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Hydrogen Trucks Take to Chinese Roads for Budweiser

By November 3, 2020 4   min read  (618 words)

November 3, 2020 |

fuelcellsworks, hydrogen trucks, china, hydrogen

Budweiser, the world’s largest brewer, announced in Shanghai on Oct 28 that four hydrogen fuel cell trucks would be put into use to deliver Budweiser beer in Shanghai. China is the first country where the company has deployed fuel cell trucks for beer delivery.

Compared to traditional fossile fuels, Hydrogen is been considered as clean and promising vehicle fuel. Hydrogen fuel cell vehicles, powered by electricity generated by compressed hydrogen fed into fuel cells, has zero greenhouse gas emissions as it produces only water, electricity and heat. However, it still has to overcome several challenges, including cost and infrastructure.

“We can’t wait until everything is perfect to try new technologies. And if we want to be a leader, we try new things,” said Jan Clysner, vice president for procurement and sustainability at Budweiser APAC. “With technology and infrastructure in China, we are glad to join the effort to drive innovation in green logistics and take the lead at Budweiser globally.”

Budweiser announced its 2025 Sustainable Development Goals) in 2018. It aims to reduce carbon dioxide emissions by 25 percent across its full supply chain by 2025 compared to 2018, making the company’s goals the most ambitious among beer companies. As part of this overall commitment, China Logistics will reduce its carbon emissions by 40 percent, a reduction of 70,266 tons of carbon emissions.

Over the past years, the company has reduced the carbon footprint of its logistics by increasing the number of green vehicles and electric forklifts, increasing vehicle loading, reducing transport distances and changing transport modes from road transportation to railways in China. To date, it has officially deployed more than 200 green vehicles, including liquid natural gas trucks, electric trucks and the newly deployed hydrogen fuel cell vehicles.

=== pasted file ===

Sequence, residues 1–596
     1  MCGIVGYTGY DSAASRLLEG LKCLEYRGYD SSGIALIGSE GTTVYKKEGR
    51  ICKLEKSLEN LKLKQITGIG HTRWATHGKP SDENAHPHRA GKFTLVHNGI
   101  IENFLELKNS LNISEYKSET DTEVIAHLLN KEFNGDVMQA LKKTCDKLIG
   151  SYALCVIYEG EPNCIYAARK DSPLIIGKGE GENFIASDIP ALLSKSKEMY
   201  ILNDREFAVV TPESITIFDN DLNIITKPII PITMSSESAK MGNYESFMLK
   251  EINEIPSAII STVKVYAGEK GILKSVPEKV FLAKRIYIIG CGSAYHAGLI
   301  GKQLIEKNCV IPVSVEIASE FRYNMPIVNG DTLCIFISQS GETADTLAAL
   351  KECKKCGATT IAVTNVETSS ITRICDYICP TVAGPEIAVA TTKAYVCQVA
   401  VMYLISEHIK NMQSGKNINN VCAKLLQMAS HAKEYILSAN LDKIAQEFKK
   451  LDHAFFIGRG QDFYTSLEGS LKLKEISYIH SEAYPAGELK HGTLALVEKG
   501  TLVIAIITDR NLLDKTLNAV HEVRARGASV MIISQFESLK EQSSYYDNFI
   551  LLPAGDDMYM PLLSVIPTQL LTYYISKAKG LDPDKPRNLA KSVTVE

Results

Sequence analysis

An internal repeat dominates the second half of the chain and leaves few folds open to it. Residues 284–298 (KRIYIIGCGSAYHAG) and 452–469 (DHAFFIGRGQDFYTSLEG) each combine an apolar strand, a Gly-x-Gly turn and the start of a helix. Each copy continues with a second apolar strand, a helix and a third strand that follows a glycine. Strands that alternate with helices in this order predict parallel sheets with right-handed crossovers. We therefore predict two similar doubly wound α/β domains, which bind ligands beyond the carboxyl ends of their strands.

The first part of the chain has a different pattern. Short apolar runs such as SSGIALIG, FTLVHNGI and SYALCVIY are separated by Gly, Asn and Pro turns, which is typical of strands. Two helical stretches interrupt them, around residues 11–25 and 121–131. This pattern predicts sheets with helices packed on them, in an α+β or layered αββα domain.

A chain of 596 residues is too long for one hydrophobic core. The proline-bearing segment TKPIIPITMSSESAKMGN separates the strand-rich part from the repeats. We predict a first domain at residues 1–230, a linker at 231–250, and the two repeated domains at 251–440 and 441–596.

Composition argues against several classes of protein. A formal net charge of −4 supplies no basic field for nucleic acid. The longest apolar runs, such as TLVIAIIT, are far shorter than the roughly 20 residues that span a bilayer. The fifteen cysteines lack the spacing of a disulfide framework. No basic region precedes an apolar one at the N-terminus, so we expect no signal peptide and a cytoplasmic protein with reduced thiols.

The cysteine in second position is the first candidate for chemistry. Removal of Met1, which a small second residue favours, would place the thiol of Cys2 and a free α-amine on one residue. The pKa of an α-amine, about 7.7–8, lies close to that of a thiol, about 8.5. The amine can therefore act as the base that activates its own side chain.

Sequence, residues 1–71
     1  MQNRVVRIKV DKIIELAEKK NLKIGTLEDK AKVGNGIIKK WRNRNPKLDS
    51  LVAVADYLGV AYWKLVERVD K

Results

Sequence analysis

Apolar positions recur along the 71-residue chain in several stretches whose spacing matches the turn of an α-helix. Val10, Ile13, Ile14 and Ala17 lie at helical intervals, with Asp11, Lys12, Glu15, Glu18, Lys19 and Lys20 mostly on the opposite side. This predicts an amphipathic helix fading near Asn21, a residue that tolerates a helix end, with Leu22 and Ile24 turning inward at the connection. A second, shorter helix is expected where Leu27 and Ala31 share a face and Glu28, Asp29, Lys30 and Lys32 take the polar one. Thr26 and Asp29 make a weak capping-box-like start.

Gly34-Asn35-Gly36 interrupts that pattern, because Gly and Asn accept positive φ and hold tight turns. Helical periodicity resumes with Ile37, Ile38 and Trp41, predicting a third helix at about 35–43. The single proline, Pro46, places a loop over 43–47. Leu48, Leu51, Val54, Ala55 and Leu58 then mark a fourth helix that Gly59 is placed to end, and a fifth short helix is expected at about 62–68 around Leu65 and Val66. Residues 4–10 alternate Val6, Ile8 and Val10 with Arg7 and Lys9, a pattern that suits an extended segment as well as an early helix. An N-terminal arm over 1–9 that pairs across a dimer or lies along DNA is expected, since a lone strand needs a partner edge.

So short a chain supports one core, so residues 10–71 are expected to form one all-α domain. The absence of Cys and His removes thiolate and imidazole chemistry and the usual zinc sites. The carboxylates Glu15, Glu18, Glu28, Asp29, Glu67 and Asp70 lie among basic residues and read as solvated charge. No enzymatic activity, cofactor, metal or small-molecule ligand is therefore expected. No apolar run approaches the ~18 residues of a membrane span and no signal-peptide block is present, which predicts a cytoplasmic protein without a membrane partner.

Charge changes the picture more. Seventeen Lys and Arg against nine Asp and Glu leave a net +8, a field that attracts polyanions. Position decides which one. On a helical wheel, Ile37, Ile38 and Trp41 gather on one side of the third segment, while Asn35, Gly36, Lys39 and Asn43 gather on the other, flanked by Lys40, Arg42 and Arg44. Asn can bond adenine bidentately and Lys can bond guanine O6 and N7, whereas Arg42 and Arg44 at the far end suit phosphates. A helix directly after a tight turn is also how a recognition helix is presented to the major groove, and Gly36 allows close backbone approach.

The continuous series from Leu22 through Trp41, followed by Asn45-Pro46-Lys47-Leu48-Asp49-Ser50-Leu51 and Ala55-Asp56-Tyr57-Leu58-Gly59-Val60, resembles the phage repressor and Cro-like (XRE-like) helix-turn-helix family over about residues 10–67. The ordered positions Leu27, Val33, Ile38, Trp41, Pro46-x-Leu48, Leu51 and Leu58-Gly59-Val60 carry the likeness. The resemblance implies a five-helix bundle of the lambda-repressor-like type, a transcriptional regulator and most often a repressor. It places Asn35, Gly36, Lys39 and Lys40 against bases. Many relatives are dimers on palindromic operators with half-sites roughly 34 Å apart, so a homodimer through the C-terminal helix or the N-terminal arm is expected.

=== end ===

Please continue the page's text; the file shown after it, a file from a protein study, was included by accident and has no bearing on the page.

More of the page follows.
Since 2018, Budweiser has worked with BYD in electric trucks, Feichi in a fuel cell truck deployed in Foshan and now BestPath in fuel cell trucks deployed in Shanghai. Jan said these partners shared the same value and vision for green logistics with the company, and that’s why they could work together. “We have even introduced Chinese partners to the US market,” he added. Budweiser ordered 21 pure electric trucks from BYD in North America in 2019.

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Jan Clysner, vice president for procurement and sustainability at Budweiser APAC, discusses Budweiser’s green logistics initiatives. [Photo provided to chinadaily.com.cn]

The company looks forward to expanding the scale of its electric and fuel cell truck fleets in China. The choice of location for fuel cell truck deployment is based on the charging station network in China, as well as the country’s distribution network. “Thanks to the Shanghai local government, we see promising development of infrastructure here.”

Budweiser is also driving green logistics among FMCG companies in China. “One of the benefits is we can share trucks to reduce empty milage.” In addition, with more companies adopting new technology vehicles, it will help with the development of infrastructure.

In addition to green logistics, Budweiser is driving sustainability-friendly innovations through its 100+ Accelerator globally and Innovation Hub in China. It is working with start-ups along the value chain of the company. Recent projects include a partnership with Cardinal to develop a platform which makes earlier to build truck pools and reduce empty millage in China, a partnership with Shianco to use rice husks to make floor and furniture and a partnership with YuShuo to use retired batteries from EV trucks to build power storage systems for breweries.

“We help them grow either through a small initial investment or through pilot programs at our breweries. If the pilot is successful, we try to scale in China, and can also take them to other markets, which helps us stay ahead of the competition as well,” Jan said.

Source: ChinaDaily.com

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